GameDevHQ — Day 13 — Building a Better Homing Laser Pt. 1

Aloha!

After finishing the rest of the features required for the Framework phase there has been one lingering challenge left that I needed to complete and that was debugging the behavior of the homing laser power. To recap the development of this feature the goal is to create a firing mode that will discover the closest enemy to the player and then redirect any fired shots directly into any valid targets. If there are no targets that exist in the scene then the shots will travel directly forward until they either despawn from hitting the boundaries of the screen or a new target spawns. Once a new target spawns the shot should then redirect itself into the target. With the current version of the feature I have been able to program the shots to successfully find a target and travel to them. Additionally the shots will travel in a straight line if there are no valid targets for them to travel to. The issue that is occurring is that in a situation where there are multiple targets on screen at once, shots fired in rapid succession will travel to the first viable target and then ignore the rest for a short period of time after which every shot will select the same next viable target at the same time and then shoot towards it.

My attempts at fixing this problem has gone through three iterations at this point with the fourth being my goal for tomorrow. The general mechanics for redirecting a shot into a selected target has been more or less the same for each iteration however the process for selecting a target has been the primary change each time. The primary challenge has been to find a fast and efficient way to identify all possible targets in the scene and select the best one, with the list of possible targets updating each time a new enemy is spawned.

The first iteration of this feature attempted to identify its target by extracting a list that is created and populated by the Spawn Manager in the scene. The list contains a reference to every enemy game object that is created and when it is extracted by the HomingLaser script it turns the list into an array to parse through its contents using a foreach() statement. It will then compare the distances between each enemy game object and the player character and choose the closest one as the ideal target. This method resulted in proper tracking but failed to update its targets quickly and relied on the list of values that were being updated periodically rather than updating its list of targets on the fly. This also included some extra overhead where the list that would be extracted would contain an entry for every single enemy that was ever made and parsing through the array would mean identifying and skipping over entries that contain game objects that have already been destroyed.

To attempt to remove the reliance on the target collection being generated by another script and isolate this process into the HomingLaser script I removed the array that collects entries whenever an enemy is created. The alternative was to remove the call to extract a list and instead create an array by finding all objects in the scene with the tag “Enemy”. This provided a method of target acquisition that updated more often but was a very expensive process to be running constantly. Additionally the result still yielded the undesired behavior where shots would not recognize alternative targets once their previous target was destroyed. In attempt to find a solution to this issue I consulted other participants in the program, Austin Mackrell and Dan Schatzeder for some assistance. This led to the third and current iteration.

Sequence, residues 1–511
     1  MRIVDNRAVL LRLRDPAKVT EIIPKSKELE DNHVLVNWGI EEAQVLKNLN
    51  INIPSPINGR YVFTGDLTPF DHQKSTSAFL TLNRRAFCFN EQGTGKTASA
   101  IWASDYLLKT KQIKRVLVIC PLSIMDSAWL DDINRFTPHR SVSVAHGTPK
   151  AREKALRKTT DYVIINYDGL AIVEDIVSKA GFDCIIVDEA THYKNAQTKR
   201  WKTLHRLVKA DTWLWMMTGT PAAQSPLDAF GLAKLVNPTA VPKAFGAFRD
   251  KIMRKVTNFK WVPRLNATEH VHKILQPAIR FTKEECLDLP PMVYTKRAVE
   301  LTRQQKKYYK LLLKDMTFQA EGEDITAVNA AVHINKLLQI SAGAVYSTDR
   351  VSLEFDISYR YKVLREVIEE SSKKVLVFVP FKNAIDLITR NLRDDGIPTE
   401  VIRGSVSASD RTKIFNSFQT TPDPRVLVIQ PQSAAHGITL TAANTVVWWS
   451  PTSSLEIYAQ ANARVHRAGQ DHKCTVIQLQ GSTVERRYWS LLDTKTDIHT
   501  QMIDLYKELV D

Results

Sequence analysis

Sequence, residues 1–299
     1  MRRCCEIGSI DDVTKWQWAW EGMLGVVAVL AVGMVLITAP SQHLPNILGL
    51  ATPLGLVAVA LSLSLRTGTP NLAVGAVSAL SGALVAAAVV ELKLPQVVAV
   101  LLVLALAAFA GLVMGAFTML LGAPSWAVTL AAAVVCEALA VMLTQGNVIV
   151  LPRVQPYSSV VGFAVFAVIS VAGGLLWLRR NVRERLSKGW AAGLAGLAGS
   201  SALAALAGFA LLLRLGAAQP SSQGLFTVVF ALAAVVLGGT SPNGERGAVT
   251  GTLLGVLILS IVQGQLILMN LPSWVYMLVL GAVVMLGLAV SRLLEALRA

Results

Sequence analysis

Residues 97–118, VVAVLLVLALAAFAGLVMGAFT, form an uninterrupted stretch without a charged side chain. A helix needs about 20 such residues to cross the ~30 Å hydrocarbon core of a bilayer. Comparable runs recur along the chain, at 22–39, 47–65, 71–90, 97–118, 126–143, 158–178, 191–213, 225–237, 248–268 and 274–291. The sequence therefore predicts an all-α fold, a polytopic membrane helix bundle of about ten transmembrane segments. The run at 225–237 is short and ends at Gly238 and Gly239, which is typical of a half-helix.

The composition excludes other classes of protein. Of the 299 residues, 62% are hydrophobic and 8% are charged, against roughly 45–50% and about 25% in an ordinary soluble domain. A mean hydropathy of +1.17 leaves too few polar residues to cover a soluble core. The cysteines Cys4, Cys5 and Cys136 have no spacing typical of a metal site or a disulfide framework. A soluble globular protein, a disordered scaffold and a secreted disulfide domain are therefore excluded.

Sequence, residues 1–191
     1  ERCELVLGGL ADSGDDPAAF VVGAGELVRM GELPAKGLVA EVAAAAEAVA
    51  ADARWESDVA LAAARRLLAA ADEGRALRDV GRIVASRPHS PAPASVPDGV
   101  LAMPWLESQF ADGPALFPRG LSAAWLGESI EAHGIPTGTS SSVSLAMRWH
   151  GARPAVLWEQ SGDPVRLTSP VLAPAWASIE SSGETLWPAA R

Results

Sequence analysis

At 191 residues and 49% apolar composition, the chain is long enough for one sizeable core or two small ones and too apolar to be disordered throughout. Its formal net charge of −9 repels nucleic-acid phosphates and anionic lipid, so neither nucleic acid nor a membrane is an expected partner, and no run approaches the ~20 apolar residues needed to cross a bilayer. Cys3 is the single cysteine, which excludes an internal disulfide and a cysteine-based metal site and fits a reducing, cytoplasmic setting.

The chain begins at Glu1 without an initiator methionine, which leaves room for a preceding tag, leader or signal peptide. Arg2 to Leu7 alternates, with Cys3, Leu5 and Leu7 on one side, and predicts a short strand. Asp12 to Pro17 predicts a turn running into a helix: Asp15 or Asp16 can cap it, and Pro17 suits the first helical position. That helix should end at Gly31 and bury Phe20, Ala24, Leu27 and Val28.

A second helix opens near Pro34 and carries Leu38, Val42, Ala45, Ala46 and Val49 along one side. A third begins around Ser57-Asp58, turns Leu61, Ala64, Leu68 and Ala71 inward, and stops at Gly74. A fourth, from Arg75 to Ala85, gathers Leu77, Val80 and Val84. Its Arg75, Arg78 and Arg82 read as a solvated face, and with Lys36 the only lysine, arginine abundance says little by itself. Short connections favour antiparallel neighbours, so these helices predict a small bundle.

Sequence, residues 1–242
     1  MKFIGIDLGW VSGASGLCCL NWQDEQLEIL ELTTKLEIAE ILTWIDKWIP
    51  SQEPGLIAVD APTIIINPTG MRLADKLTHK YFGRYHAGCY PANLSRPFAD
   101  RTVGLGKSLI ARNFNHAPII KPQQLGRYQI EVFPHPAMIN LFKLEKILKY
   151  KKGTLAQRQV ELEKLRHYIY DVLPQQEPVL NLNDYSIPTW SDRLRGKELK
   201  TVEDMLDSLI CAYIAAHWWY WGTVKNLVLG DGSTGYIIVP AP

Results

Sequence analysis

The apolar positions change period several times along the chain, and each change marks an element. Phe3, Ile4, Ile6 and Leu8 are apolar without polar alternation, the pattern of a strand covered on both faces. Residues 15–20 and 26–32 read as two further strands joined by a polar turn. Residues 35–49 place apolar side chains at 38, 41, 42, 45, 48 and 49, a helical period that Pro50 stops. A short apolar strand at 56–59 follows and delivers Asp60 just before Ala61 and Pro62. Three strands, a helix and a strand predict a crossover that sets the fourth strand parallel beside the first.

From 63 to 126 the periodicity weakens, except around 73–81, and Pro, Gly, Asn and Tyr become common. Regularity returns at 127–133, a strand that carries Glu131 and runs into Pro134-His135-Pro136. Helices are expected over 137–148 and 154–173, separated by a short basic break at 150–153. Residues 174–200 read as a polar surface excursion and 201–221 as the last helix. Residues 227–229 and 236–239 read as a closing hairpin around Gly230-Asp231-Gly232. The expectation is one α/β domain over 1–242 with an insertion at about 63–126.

The main changes that were implemented for the third version was to replace the method of finding all objects with a certain tag with a reference that checks for all children of the Enemy Container object. This meant less searching and a more direct and constantly updating reference for our list of potential targets. Another additional change that was made was to how the script detected if an enemy was destroyed. The initial method would check for the collider of the object and if the collider did not exist it would count the target as destroyed and attempt to find a new target. After consulting with Austin we decided to change this to a boolean switch that would activate to true upon an enemy being destroyed. This all worked as solid optimization changes but we were not able to nail down a proper solution that solved the issue where the lasers were still slow to update their targeting. One hypothesis we have for this is that the calculations to determine a new target take too long to perform the more targets there are which hampers the performance of the shots to quickly select a target before they fly off the screen and despawn. This is the current state of the function and my plan for tomorrow is to attempt a fourth version that moves the closest target calculation out of each individual shot and into a global handler that constantly keeps track of what enemy is closest to the player and the shots will simply reference this output when for their target acquisition instead of determining it themselves. I will report back about the progress of this approach tomorrow in part 2. Mahalo for reading.

— Kurt

An aspiring game-dev from Hawai’i. Previous experience was in programming and animation work.